- If your leads already have a relationship with someone on your sales team, make it come “from” them and keep them in the loop regarding email copy and send times so all interactions are seamless
Be clear on your positioning and messaging:
- Why are you reaching out to them (as specific as possible)?
- How can you help them?
- Why should they care?
- Why should they care NOW?
When you write your email copy, you should know:
- What action you want them to take
- How this email serves your goals
- How the information in this email serves their goals
How often will you send your emails? Pre-plan your desired frequency of email and create templates with placeholder copy mapped around a consistent theme. Although you will customize each email to be personalized and appear one-to-one, starting with a template will give you something to work from and help you stay on track.
For example, you might draft a short lead nurturing series, map it to an editorial calendar so the emails deploy at regular intervals, and update or extend it as needed. Here’s a planned email sequence targeting a list of healthcare providers about the award-winning, HIPAA-compliant databases your agency builds.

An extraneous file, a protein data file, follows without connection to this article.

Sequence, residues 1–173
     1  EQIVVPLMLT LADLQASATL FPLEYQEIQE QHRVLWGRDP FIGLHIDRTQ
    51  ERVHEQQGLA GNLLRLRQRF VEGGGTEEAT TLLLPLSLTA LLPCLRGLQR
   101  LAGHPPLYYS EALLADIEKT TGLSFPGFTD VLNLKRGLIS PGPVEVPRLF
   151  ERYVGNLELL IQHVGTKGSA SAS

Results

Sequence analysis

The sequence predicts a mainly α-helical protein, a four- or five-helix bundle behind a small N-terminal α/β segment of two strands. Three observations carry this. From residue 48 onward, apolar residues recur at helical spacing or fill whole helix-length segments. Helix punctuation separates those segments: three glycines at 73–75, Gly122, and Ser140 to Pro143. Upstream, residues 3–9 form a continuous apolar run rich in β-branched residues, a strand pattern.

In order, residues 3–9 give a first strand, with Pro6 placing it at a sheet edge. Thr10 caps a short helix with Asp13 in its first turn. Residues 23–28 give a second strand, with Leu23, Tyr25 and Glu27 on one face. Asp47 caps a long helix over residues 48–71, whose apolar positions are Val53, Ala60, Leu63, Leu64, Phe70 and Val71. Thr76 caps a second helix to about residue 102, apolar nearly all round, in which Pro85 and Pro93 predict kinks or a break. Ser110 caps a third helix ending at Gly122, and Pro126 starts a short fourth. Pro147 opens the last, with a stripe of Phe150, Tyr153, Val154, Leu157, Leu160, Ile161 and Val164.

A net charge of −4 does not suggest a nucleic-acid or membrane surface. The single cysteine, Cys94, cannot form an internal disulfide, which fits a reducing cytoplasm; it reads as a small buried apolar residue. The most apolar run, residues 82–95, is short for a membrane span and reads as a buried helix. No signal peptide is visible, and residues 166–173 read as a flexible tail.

Lead nurturing sequence (example):
Email #1: Share an internal thought leadership piece on new developments related to technology and HIPAA compliance (if you don’t have original thought leadership content, consider creating some to use for lead nurturing and other purposes).
Email #2: Share a new case study on a HIPAA-compliant database that saved a healthcare client a quantifiable amount of time and money.